31st HongKong Movie Awards will be live in a few hours. I CANT WAIT! It's a great year in the sense there are a few very good HK movies done with soooo much heart there for a change, it makes me weep, even if a few of the nominees do not have a shred of mass nor international appeal.
The 2012 class photo, the crew of Let the Bullets Fly is conspicuously, understandably missing, even for the best supporting nominee and last year's best actress Carina Lau. The awards is historically local biased, Let the Bullets Fly is heavy in its mainland flavored savviness. Being out so many months ago is also not working towards its chances.
Plus, the noms r mostly truly deserving for a change and there are some tight toss-up races in many categories it's breaking my heart to pick a favorite (I dont think I can be happy if there r not 3 Best supporting actors awarded).
I saw A Simple Life this afternoon. Astounding!!! It lets us, the audience, voluntarily draw our own emotions out of the scene instead of blatantly manipulates our sentiments. The amount of terrific control and pitch perfect film making is palpable, yet seamlessly unobtrusive. I don't even want a note more of story, backstory, anything, it's befittingly philosophical how life, sickness (and death) is, as it's presented in the movie. Ann Hui's visual is ALWAYS crystal clear and deftly poignant. She has never made a bad movie in her entire career. Her work can be summed up by one word: honest. Some journeys r harder to watch, seldom a popular subject, but she's so passionate about her hometown and its littler, weaker, shut off and shut up inhabitants and devotes her whole artistry in telling their stories as pure and respectful as they deserve, giving them a voice otherwise silenced. Needless to say A Simple Life has the simplest of stories: the caretaker is now taken care of.
I liked the Help enough, but I rem walking out thinking it's a TON of stereotypes and a slick too much glib for my taste. A Simple Life packs so much more emotional punch with much less calculated brownie points. I feel like I'm a labrat of an audience being flashed an Emotion! sign every time it has to be wrung out of me in The Help. I can't help but compare the 2 movies while driving back home, magnifying the flaws of one, and have lapses of wanting to make a Uturn, rewatch and savor the other right away by myself in a take2.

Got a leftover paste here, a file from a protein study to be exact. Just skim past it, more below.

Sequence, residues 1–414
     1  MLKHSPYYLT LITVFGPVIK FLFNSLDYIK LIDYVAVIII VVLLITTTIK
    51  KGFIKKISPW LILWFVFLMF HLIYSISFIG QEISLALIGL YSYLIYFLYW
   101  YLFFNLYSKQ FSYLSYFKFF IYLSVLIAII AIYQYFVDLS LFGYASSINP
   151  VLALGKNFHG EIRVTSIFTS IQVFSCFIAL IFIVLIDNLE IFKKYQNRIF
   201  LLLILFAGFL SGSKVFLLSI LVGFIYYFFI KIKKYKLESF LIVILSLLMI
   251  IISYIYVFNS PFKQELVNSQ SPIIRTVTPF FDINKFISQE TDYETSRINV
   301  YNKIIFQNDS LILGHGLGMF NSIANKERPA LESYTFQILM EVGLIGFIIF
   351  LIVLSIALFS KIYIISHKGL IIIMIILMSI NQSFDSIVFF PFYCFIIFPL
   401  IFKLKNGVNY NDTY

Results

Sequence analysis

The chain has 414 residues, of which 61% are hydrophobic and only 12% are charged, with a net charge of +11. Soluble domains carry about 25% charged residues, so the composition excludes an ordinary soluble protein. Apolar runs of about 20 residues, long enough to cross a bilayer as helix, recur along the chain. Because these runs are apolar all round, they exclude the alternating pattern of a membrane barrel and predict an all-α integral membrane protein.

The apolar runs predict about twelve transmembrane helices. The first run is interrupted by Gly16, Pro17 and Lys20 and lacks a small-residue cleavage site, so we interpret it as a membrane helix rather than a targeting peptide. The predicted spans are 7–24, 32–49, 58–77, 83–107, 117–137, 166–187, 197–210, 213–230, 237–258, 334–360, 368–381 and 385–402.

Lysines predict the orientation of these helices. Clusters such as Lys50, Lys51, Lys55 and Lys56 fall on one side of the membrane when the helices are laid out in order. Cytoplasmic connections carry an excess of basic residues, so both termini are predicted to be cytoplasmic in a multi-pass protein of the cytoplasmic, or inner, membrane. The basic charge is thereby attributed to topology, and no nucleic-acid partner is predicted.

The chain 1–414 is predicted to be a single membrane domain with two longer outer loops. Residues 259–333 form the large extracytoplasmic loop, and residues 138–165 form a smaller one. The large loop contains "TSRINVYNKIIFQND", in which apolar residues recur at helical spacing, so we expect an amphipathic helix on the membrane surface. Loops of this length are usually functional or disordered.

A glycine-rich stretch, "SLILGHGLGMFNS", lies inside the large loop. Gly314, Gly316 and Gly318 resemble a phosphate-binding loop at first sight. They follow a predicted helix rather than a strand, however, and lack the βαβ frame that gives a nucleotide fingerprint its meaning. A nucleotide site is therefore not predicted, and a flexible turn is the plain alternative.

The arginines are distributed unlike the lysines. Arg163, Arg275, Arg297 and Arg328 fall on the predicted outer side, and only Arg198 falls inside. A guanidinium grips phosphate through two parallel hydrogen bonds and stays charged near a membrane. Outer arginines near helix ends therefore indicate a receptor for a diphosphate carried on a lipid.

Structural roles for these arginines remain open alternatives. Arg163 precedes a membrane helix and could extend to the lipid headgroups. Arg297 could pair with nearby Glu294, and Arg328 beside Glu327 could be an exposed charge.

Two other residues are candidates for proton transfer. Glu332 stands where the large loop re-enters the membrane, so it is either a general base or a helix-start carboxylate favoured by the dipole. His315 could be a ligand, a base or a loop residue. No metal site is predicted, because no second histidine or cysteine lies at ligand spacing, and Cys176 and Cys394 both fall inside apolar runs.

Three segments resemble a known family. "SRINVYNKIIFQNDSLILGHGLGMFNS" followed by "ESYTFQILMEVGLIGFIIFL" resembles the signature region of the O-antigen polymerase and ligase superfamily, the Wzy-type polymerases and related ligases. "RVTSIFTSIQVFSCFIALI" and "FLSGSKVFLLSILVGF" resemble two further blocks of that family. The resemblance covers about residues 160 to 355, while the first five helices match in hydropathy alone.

What I lamely put on what the movie is about is really the entire movie, and should be considered spoilerish, but that's beside the point. You watch it observing the characters at a comfortable arm's reach, their relationship is clearly presented right off the bat with very few lines of normal day to day banter between the two main characters. There is affection but there r confining boundaries of a maid and the young lordship. They share a most apparent intimacy only a meticulous nurturer devoted to, catering for every impossible detail of a man since infancy can exist, the sum of all these minute trivial interactions and dependency btn the 2 build a stronger more intricate bond not bound by blood and filial piety, but by the truest purest of love between 2 human being over the inertia of time. We do not feel intrusive, being presented every seemingly mundane details of their daily lives, on the contrary every scene is used with its purpose, just respecting our intelligence to not spell everything out, it enhances our understanding of them, because that's exactly how their bond is formed. We sit through the movie diving gingerly into their lives and their role reversal, yet spinning in our head with What will I do? at every turn. It hits so close to home in all of us, we all r indebted unrequitedly to our caregiver the day we're born into this world, we'll suffer sicknesses, grow so fragile to the point of losing all ability to care for our own most basic decency as a human being…and we all will certainly die. Nth happens out of the ordinary in the progression of the story, many crucial events in their lives r unadorned or delicately skipped over, so full of pathos and we instinctively reflect on our own condition….and it's where we insert in our own life experiences and fill our hearts with our own chock full of emotions. The theater is almost full except the first few rows to my surprise, audience arriving right on showtime r left scrambling for odd seats, splitting up their own viewing parties. The lady sitting right next to my group started sobbing 10 min in and nonstop till the end, just with increased frequency. Random fidgeting of tissues is heard throughout, the familiar fragrance of HKers favorite brand Tempo is in the air. There maybe a min for a few scenes where the almost silent refrained scene on the screen is accompanied by staccatos of sniffs fr almost the entire audience.